Notwithstanding these written undertakings, I was informed by Secretary, CA Sri Lanka in his
‘Registered’ letter dated 3 August 2016 marked ‘Confidential’:
“The Council has directed me to inform that the Council appointed committees to inquire into your complaint and the proceedings of the said inquiries are now concluded.
Therefore, we wish to inform you that this matter is now closed.”
Does this not confirm CA Sri Lanka corruption? It is appalling that CA Sri Lanka keeps a major public interest issue ‘Confidential’!
While PwC (Indonesia & Sri Lanka) functioned as Consultant, Investment Banking and Legal Advisory Services to the Government of Sri Lanka, Ernst & Young (Sri Lanka) were the Auditors to SLIC.
In the context of all ‘Partners’ under the ‘Partnership’ law in Sri Lanka being ‘Jointly and severally’ liable for any wrongdoing, my demand that CA Sri Lanka:
“forthwith discloses in the public domain the identity of those who were ‘Partners’ of PwC and EY for five years prior to 11 April 2003 which is the date on which the scandalous SLIC privatisation took place” has been ignored.
It is outrageous that some Partners falling under this period are appointed directors of quoted companies and banks. Some have even been appointed to the Quality Assurance Board of CA Sri Lanka!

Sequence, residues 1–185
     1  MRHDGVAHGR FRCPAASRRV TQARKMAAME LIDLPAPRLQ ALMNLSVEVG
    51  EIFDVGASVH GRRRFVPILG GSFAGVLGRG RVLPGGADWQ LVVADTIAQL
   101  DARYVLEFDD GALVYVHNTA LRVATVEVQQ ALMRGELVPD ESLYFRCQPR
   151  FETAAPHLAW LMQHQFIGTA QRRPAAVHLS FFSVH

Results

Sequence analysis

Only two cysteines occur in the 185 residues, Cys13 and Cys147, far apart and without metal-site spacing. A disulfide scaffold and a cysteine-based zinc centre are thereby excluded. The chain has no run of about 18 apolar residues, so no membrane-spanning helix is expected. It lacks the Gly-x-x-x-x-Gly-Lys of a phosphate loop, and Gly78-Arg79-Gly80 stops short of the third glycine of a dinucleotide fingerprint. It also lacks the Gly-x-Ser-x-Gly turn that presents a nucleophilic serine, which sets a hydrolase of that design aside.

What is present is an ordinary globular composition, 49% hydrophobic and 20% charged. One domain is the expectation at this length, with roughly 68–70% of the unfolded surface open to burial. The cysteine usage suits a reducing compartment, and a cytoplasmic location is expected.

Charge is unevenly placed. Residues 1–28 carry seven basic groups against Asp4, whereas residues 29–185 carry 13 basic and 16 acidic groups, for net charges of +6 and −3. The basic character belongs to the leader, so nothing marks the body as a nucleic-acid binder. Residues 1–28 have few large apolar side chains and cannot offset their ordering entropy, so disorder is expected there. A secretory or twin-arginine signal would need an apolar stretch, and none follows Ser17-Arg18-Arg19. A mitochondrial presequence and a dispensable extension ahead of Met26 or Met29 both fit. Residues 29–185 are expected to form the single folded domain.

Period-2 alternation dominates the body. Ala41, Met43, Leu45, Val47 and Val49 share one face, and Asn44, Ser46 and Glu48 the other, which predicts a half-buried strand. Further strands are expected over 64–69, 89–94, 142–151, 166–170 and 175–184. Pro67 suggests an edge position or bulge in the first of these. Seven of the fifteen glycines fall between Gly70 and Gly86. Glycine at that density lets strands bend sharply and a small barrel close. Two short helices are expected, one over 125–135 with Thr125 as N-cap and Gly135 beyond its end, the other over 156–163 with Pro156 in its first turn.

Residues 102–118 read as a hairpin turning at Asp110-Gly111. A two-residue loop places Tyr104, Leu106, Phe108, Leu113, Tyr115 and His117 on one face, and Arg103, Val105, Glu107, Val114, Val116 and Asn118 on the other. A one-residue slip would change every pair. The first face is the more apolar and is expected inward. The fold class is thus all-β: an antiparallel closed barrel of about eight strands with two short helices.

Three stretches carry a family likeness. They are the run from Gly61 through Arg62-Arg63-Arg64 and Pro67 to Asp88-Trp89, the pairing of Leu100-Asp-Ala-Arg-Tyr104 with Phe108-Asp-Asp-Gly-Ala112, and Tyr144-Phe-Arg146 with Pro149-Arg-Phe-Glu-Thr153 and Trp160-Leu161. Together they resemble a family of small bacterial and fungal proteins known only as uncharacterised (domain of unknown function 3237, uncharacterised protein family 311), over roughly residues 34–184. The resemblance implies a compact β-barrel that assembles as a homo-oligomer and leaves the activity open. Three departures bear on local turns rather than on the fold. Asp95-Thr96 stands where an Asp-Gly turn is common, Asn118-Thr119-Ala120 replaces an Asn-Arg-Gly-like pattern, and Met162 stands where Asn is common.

It is baffling why even those purportedly battling corruption such as Friday Forum and its convener – Chandra Jayaratne, Transparency International Sri Lanka and its leading light – J.C. Weliamuna, Citizens’ Movement for Good Governance and its President – Dr. A.C. Visvalingam steer clear of naming and shaming and demanding accountability from the Partners concerned of PwC and Ernst & Young faulted for grave professional misconduct by the Supreme Court, Parliament’s watchdog COPE, the Attorney-General and CA Sri Lanka’s Ethics Committee itself in the scandalous SLIC privatisation.
It is in this context that unbridled corruption flourishes with impunity.
An article in ‘The Guardian’ titled ‘Dubai›s dark side targeted by international finance police’ inter alia alleges:
“Fears are intensifying that the emirate has become a global centre for terror funding, money-laundering, drug money and mafia cash”
“United Arab Emirates is not so much awash with vast oil wealth but built on a toxic tide of illicit cash: a place where Russian mafia and drug cartels clean their dirty cash and alQaida finances terror atrocities. And at its heart is Dubai, a world financial centre”
Will the same be true of the ‘Colombo International Financial City’?